Tips for Feline Heart Health

Tips for Feline Heart Health


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Dr Jane Bicks When I consider what I like most about cats, I’d probably say it’s their mysterious demeanor. I never know why one of my cats will suddenly pounce on my computer keyboard, why another might hide for hours on Wednesdays, or what could possibly be going on inside the head of one who spends time shadow boxing in my bathroom. Just as their motivations and desires remain secret to us, they are also, unfortunately, masters at concealing any illnesses they might have. A cat can have a medical problem and even the most watchful owner may not realize it until the condition becomes full-blown.

An unhealthy heart is an all too common feline problem, regardless of age. The good news is that heart conditions are best treated when found early. Additionally, early detection and treatment also give felines opportunities to live relatively healthy and happy lives. All you have to do is be proactive by routinely giving your cat a quick home-health examination. Don’t worry – it’s easy, fun and can even save a life.

Let’s start by placing your cat where you can both be comfortable.

First, look into your kitty’s eyes. They should be bright and clear. If you notice a film covering the eyes, it may be an exposed “third eye” or nictitating membrane, which is a thin tissue supported by cartilage that protects the cornea. Normally, this membrane is not visible in healthy cats; however, its appearance is a sign of poor health.

Next, lift the lips to inspect the color of your cat’s gums. They should have nice medium-pink color, although some black cats may have naturally gray gums. When you press your finger on the gums, they should lose color; as soon as you remove your finger, the original color should return. Cats with heart problems can be anemic, resulting in very pale or blueish gums. Bright pink or red gums are generally not a good sign and might be indicative of a heart problem.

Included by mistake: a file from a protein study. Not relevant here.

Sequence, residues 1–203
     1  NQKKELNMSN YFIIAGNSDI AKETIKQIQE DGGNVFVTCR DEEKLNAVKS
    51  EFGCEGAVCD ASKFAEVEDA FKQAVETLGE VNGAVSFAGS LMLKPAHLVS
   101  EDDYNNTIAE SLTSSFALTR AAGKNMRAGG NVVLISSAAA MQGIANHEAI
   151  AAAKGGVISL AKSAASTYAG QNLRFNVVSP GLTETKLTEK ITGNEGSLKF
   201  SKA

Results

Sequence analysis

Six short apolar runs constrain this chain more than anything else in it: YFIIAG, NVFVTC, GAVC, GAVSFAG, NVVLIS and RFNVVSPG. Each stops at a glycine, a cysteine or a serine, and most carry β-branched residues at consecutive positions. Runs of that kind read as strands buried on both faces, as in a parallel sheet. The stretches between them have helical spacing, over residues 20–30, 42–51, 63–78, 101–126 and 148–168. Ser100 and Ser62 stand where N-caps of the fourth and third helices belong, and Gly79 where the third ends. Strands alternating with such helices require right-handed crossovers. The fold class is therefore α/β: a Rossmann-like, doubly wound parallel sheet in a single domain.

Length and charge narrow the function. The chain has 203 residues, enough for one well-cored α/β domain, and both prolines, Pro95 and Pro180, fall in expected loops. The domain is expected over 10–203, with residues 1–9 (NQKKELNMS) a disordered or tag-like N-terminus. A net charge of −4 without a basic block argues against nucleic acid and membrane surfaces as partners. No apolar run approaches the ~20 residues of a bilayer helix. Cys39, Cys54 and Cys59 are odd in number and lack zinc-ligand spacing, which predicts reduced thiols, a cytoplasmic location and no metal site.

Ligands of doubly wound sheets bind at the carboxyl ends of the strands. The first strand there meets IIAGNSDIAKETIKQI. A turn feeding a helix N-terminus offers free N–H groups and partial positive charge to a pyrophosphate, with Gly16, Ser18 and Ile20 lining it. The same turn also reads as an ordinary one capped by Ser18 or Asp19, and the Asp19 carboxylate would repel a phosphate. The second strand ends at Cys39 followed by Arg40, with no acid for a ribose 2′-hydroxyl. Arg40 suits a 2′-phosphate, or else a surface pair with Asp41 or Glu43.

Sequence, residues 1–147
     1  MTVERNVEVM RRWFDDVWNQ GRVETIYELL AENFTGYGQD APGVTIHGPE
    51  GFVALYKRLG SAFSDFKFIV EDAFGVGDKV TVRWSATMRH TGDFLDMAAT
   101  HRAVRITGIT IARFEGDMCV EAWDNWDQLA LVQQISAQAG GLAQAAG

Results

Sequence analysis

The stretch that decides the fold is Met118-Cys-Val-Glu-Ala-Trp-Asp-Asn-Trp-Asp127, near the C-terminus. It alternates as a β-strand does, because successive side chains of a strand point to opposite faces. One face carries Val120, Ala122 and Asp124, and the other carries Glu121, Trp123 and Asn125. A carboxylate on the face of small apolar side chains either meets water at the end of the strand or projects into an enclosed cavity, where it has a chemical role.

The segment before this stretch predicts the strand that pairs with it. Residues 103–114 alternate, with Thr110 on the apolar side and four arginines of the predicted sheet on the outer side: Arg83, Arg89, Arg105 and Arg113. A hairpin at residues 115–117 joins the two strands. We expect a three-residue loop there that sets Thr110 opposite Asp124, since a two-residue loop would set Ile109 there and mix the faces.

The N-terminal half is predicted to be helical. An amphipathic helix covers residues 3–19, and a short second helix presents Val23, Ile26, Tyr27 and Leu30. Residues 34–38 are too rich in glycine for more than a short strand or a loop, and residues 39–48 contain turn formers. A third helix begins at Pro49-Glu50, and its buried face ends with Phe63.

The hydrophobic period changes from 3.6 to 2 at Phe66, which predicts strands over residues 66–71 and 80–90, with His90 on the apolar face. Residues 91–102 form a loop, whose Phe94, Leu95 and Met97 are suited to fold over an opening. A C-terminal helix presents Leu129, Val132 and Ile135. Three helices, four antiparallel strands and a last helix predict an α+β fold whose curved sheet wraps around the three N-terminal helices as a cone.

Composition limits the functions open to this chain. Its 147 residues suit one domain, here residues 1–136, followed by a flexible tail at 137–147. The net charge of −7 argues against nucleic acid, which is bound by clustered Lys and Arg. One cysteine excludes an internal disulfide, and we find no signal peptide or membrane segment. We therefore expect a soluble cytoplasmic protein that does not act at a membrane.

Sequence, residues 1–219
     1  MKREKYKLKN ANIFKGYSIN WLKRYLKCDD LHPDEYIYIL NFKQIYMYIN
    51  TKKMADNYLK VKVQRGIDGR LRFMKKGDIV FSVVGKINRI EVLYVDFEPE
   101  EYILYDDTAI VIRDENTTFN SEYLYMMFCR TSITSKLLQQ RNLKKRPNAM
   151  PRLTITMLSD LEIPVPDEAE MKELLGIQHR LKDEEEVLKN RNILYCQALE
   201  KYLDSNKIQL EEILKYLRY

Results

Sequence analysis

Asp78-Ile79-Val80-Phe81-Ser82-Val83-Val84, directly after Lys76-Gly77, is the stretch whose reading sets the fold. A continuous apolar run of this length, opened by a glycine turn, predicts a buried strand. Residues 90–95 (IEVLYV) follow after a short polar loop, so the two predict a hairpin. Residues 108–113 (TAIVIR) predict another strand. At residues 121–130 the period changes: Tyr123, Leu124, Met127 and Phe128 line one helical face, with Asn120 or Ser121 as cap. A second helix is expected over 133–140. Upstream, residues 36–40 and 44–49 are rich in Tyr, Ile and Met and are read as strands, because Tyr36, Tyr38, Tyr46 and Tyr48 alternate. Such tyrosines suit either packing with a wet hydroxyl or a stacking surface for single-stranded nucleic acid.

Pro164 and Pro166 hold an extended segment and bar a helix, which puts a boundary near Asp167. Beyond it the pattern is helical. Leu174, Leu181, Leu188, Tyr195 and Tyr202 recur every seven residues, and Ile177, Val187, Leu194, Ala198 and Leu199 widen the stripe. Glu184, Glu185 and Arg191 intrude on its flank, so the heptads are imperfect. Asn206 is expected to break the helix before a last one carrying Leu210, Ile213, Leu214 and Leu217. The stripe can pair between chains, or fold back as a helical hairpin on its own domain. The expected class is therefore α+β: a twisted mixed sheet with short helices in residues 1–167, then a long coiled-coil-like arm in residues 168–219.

The whiskers should be nice and long. Broken or thick whiskers may indicate that your cat is not completely healthy. Please take into account that some breeds, like the Devon Rex or the American Wirehair, almost always have short whiskers, so this isn’t a great test for these breeds.

Cat Hug Next up in your home exam, put your right palm on your cat’s right shoulder and your left on his left shoulder. Move your hands together, down the spine in the direction of the tail, slightly pressing downward to feel the ribs. If there is more than an inch to pinch, your cat might be carrying too much weight. It’ll probably come as no surprise that overweight cats are candidates for heart problems. Note that the hanging tummy is not an indication of obesity if you can still feel the ribs. More often, a hanging tummy can be due to a lack of particular hormones or some fluid in the abdomen.

Feel the pads of your cat’s feet – they should be warm. Cold feet, on one side or all four, may be indicative of poor circulation, or possibly even a blood clot.

Throughout your exam, pay attention to your cat’s breathing. Breaths should come steadily … not very deep and not too shallow either. Some cats with heart problems will appear to breathe with difficulty. If your cat starts to breathe through his mouth, or begins to breathe with effort, you may have a problem that needs immediate medical attention.